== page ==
GOP victory in Texas race is a good sign that Republicans can defy history in midterms

In a stunning turn of events, Republicans reclaimed a Texas state Senate seat Tuesday not won since 1878. After 139 years of Democratic control, Republican Pete Flores made history when he carried Senate District 19 by 6 points – reversing the trend in a district that voted for Democratic presidential nominee Hillary Clinton by a 12-point margin.

The GOP’s unexpected victory in a runoff election shows that when Republicans turn out, we can defy the blue wave that Democrats say is on the horizon – not just in Texas, but in close races across the country.

Flores defeated Democrat Pete Gallego and will now replace Democratic Sen. Carols Uresti, who resigned. Uresti was convicted of helping an oilfield service company he co-owned run a Ponzi scheme.

In addition to ensuring that Republicans have a supermajority in the Texas Senate, Flores’ victory also has national implications.

The state Senate district covers 80 percent of the 23rd Congressional District in Texas – one of the 66 competitive House seats that Cook Political Reports rates are in play.

The GOP state Senate victory spells good news for Republican U.S. Rep. Will Hurd, who is defending his 23rd Congressional District seat against Democratic challenger Gina Ortiz Jones. The state Senate victory comes just days after a recent poll showed Hurd leading his liberal opponent by 8 percent, thus jeopardizing what Democrats hoped would be a pick-up opportunity.

The outcome of the race for the Texas Senate seat also highlights a national trend that should be worrisome for Democrats. Hispanic voters are increasingly shifting toward the Republican Party. Flores is now the first Hispanic Republican to be elected to the Texas Senate, prevailing in a district that is 66 percent Hispanic.

This should come as no surprise. given that the Hispanic community is winning in the Trump economy. Hispanic unemployment has hit a historic low, and Hispanic household income grew 3.7 percent, adjusted for inflation – “more than double the increase seen by all households,” Alfredo Ortiz noted in The Hill. Amid a flourishing economy, President Trump’s approval rating among Hispanic voters grew 10 in just one month!

The good news for Republicans is that the Texas Senate victory did not come in a vacuum. Recent polling shows Democratic U.S. senators in nail-biter races in Indiana, North Dakota, Missouri, Minnesota, and even deeply blue New Jersey.

A Fox News poll published last week showed Republican Senate nominee Mike Braun leading Democratic Sen. Joe Donnelly in Indiana by 2 percent, after closing a once 12-point gap.

That same poll shows Republican North Dakota Senate nominee Kevin Cramer leading Democratic Sen. Heidi Heitkamp by 4 points, mirroring a similar poll taken in June.

Meanwhile, in Missouri, Republican challenger Josh Hawley leads Democratic Sen. Claire McCaskill by 3 percent in the recent Trafalgar Group poll, while tying her in several others.

Perhaps most shocking of all, though, are the astonishing numbers emerging from the New Jersey U.S. Senate race, where Democratic Sen. Bob Menendez finds himself in close race after emerging from a tough trial on corruption charges.

Shockingly, in the most recent three polls Menendez leads Republican challenger Bob Hugin by single-digit margins, besting him by just 2 percent in the July Gravis poll in a state that Hillary Clinton won by 14 points. This comes as a fourth prominent New Jersey Democrat, Branchville Mayor Tony Frato, threw his support behind Hugin.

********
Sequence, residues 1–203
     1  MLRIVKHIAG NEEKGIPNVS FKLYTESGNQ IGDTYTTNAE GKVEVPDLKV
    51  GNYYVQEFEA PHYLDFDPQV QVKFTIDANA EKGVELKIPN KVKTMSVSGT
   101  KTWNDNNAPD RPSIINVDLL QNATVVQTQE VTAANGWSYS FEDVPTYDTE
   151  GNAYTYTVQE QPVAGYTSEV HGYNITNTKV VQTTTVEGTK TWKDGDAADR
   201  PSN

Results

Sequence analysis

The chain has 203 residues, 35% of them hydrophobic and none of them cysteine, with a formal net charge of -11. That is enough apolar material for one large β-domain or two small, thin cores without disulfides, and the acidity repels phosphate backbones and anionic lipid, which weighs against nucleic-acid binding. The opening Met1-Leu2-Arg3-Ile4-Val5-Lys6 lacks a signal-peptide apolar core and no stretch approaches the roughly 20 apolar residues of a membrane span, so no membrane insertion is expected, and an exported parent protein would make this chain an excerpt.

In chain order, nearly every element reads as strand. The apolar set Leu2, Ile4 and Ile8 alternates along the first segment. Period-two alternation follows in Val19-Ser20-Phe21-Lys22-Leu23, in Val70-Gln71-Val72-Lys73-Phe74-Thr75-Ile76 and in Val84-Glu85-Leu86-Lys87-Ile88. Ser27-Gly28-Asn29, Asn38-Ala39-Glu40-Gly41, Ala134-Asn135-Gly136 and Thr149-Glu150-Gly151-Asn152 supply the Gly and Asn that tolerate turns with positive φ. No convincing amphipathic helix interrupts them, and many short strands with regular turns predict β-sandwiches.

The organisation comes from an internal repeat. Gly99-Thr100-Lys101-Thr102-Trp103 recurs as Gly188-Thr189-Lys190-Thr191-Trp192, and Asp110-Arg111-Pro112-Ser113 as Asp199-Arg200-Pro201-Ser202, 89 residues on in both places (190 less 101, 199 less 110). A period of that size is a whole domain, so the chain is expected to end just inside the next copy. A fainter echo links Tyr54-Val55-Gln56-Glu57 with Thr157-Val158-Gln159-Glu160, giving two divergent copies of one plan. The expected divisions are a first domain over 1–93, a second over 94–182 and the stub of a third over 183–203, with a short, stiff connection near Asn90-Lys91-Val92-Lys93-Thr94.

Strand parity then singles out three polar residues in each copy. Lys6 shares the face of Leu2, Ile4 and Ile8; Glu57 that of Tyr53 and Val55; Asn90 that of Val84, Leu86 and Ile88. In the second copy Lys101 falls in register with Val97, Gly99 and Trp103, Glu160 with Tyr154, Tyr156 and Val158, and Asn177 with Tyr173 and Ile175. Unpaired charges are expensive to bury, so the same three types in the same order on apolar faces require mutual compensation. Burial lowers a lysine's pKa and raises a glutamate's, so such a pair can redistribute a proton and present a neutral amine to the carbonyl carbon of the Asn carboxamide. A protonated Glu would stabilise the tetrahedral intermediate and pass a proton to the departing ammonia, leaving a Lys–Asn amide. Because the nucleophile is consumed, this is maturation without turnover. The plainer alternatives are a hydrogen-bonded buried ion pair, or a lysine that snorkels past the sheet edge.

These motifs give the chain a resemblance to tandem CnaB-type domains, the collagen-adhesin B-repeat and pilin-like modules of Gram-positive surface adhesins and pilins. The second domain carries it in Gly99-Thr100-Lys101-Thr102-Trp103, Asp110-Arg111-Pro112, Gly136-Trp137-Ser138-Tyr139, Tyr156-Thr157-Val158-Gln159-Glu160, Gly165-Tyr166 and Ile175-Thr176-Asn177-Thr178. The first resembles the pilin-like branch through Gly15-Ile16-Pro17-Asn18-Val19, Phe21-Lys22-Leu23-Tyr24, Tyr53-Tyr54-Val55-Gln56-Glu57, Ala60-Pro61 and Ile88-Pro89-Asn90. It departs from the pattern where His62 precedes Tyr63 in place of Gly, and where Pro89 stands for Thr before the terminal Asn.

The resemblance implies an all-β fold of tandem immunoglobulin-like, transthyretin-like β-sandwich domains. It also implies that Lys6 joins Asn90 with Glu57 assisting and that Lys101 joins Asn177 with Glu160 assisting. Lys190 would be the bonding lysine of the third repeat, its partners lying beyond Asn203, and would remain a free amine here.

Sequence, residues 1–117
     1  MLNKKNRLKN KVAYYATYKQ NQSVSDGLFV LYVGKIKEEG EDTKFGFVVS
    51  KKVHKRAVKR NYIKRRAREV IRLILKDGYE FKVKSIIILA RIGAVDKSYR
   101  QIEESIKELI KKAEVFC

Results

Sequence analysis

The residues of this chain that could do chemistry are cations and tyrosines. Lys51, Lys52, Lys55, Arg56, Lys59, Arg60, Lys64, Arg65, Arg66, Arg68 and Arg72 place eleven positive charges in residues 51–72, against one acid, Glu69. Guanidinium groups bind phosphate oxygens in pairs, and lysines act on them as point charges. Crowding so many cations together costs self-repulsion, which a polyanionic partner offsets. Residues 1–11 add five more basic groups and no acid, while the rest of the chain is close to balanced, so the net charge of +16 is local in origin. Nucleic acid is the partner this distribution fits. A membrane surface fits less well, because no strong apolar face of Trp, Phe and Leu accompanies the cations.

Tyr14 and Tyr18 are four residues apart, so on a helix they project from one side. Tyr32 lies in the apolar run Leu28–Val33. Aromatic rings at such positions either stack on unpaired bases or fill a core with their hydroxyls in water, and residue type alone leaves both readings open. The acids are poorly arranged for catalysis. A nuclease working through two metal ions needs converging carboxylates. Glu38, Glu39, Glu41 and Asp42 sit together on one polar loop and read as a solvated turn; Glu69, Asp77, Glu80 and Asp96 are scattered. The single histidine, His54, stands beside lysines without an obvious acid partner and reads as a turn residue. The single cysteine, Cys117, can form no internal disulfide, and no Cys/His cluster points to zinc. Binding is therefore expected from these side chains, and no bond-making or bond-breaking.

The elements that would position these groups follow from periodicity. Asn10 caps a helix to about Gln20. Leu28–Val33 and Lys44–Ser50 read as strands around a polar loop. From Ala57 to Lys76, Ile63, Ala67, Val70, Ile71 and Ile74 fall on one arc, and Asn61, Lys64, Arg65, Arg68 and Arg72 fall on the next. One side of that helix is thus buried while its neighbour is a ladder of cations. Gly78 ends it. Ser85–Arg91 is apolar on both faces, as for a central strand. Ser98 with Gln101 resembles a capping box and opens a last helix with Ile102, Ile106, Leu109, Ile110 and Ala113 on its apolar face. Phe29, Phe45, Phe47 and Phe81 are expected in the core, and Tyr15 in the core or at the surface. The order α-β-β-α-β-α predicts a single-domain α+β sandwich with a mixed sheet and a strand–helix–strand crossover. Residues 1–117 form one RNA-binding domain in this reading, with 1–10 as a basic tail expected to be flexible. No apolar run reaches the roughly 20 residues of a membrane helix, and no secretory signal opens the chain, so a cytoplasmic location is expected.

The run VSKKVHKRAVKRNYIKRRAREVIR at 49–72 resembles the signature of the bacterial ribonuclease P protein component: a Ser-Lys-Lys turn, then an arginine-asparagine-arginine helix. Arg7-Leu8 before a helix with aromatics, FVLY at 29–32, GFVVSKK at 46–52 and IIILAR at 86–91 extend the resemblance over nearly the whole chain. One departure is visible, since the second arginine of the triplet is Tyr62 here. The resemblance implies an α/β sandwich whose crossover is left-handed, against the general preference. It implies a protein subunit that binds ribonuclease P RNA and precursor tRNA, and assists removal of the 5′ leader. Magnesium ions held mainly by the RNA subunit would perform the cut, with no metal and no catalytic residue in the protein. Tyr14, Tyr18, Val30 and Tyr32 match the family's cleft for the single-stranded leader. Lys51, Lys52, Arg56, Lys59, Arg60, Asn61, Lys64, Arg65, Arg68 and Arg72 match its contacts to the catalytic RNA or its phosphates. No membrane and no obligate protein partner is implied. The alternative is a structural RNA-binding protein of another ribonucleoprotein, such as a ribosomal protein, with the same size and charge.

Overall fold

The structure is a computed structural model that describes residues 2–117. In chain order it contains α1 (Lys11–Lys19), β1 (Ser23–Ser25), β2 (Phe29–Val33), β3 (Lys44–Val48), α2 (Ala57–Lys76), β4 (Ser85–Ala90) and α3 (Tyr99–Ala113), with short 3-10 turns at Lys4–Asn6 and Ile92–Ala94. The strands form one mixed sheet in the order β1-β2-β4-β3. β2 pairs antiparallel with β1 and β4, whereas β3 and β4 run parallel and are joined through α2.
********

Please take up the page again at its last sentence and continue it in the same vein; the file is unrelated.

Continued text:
And in Minnesota, a state that Donald Trump narrowly lost in the 2016 presidential race, the Senate race for the remaining two years of former Sen. Al Franken’s term is far closer than expected, with Republican nominee Karin Housley trailing Democratic Sen. Tina Smith by just 7 points.

These encouraging numbers come in the face of a challenging landscape for Republicans, where the odds are set against us. Since the Civil War, the party controlling the White House has lost House seats in all but three midterm elections.  This is why, as Republicans, we have one huge task before us: defy history.

In close races, the groundwork we have laid at the Republican National Committee can make the difference. Our quarter-billion dollar data operation that President Trump used to prevail in 2016 is widely regarded as the best in the business, as noted by even Hillary Clinton. And we’ve quadrupled the number of top-tier volunteers and have recruited tens of thousands of traditional volunteers, creating a ground operation the likes of which the party has never seen.

Defying history is certainly possible, especially considering that the number of Americans who think the country is heading in the right direction is the highest in modern history. Complacency, though, risks destroying all the meaningful gains we have made in the last two years – a soaring economy, more health-care options, and needed fixes to the Department of Veterans Affairs.

Taken together, the fate of Republicans in November will be determined by one sole metric: turnout. In the Texas Senate race Tuesday, the district saw “the largest percent increase in turnout from special election to a runoff” in the past four years. In other words, Republicans turning out enabled our party to defy history.

Republicans must understand the stakes: not voting means an end to the Trump agenda; the rise of House Minority Leader Nancy Pelosi D-Calif., to become speaker of the House again; and a reversal of the policies that fueled a soaring economy and put more money in the pockets of middle-class Americans.